It was dawn. The sky twisted orange and purple. An emerging sun reflected in the water. My toes crunched in the wet sand. The air was moist, smelling of salt. Waves crashed against the shore, bringing back in some of the dead jellyfish leftover from the tide. Children raided the beach for abandoned seashells. I stood close to the water, ocean foam between my toes. Flying grey silk flew by in a liquid sky. Thin, flexible vertebrae rippled through the water moving underneath the waves.
A stingray migration swam by the coast of Hilton Head, where I was vacationing for the summer, my last before leaving home to go to college. The stingrays swam at a uniform pace, moving as one. Their eyes were gentle, scouring forward, wings pushing them through the water, like birds flying south.
The lifeguards kept the water clear for an hour after the migration passed, just in case of stragglers. I remained on the shore. Not too long after the school had passed, a baby ray followed. It was small, no bigger than my hand. I ran, barefoot, after it down the beach. The sun pierced the back of my neck. Out of breath, covered in wet sand, I lost sight of it.
That night I sat on a balcony overlooking the beach. The ocean was dark, but I could see the tide coming in. I thought about the baby ray, lost at sea.
Several weeks later, my alarm screamed on my nightside table. It was time to leave home and go to college. The whole ride there was quiet. Once we arrived to unpack, the moist air wrapped itself around us as we all chipped into carrying my heavy bags up two flights of stairs.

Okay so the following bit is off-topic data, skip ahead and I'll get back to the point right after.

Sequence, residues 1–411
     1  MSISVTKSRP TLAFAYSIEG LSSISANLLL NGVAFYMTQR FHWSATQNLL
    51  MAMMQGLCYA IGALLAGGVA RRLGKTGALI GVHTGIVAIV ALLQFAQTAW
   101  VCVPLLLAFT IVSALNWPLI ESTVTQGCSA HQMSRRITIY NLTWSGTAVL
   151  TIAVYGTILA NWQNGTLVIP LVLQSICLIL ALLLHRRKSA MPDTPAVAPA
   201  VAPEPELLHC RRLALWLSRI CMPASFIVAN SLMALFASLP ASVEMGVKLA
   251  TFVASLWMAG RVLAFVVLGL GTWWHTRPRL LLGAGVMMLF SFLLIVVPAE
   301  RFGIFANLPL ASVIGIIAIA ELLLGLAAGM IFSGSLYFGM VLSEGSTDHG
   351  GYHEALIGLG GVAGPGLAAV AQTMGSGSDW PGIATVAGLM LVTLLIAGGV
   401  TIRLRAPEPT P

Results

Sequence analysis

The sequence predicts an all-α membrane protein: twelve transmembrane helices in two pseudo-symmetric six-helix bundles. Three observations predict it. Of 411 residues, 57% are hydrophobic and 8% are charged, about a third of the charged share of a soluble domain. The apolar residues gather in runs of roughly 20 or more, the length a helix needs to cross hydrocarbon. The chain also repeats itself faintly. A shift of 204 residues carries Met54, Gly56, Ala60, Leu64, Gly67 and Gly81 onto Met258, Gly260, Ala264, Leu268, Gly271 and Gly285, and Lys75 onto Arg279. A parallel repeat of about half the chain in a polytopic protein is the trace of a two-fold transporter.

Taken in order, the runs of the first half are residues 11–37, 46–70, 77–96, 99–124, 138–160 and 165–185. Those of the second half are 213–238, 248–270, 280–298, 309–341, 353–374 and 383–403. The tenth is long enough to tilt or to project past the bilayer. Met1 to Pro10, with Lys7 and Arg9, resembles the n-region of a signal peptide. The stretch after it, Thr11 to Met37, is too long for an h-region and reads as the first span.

In a blink, I was all moved into my dorm and the goodbyes were spoken.
Darkness edged in. Squirrels were busy collecting nuts in an old oak tree in the quad. Purple clouds filled the sky. The train screeched as it moved on the tracks behind the college. The leaves on the trees had flipped themselves up, beckoning the rain.
I sat on the front steps of my dorm and watched my parents back out of the parking spot. Mom waved out the window, forcing a smile. I knew she would be a wreck by the time they pulled onto the interstate. They would fight for the two-hour drive home, because Dad wouldn’t understand; I was the last of three children to leave home. Mom, a stay at home mom, would no longer have a to-do list of dance classes and cheer practice. It would be only Mom and Dad from now on in that big farmhouse. Mom would refuse to turn and look at the empty back seat.
It began to rain, as it would most every day at West Virginia Wesleyan. I stayed on the steps and watched Mom and Dad drive down the street. I imagined myself chasing them, mud puddles splashing up my legs, screaming “Wait!” I was angry with them for leaving me. Counting down the days until I would get to leave them, it had not occurred to me that they would actually leave me.
Water started dripping from my soaked hair. I stood from the steps and walked upstairs to my room. I sat on the edge of my bed in my new home, still wet from the rain. I’d run hard, but not fast enough. There I was, miles from home, alone.